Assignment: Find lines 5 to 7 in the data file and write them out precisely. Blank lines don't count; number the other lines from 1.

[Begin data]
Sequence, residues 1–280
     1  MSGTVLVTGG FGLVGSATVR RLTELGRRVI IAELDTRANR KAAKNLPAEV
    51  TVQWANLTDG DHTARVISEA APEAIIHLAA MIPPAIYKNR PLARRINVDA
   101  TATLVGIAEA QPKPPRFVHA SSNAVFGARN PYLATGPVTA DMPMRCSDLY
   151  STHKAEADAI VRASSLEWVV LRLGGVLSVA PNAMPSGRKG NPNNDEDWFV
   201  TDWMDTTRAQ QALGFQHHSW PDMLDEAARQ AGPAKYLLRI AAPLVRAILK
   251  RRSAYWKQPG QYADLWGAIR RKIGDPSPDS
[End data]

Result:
   151  STHKAEADAI VRASSLEWVV LRLGGVLSVA PNAMPSGRKG NPNNDEDWFV
   201  TDWMDTTRAQ QALGFQHHSW PDMLDEAARQ AGPAKYLLRI AAPLVRAILK
   251  RRSAYWKQPG QYADLWGAIR RKIGDPSPDS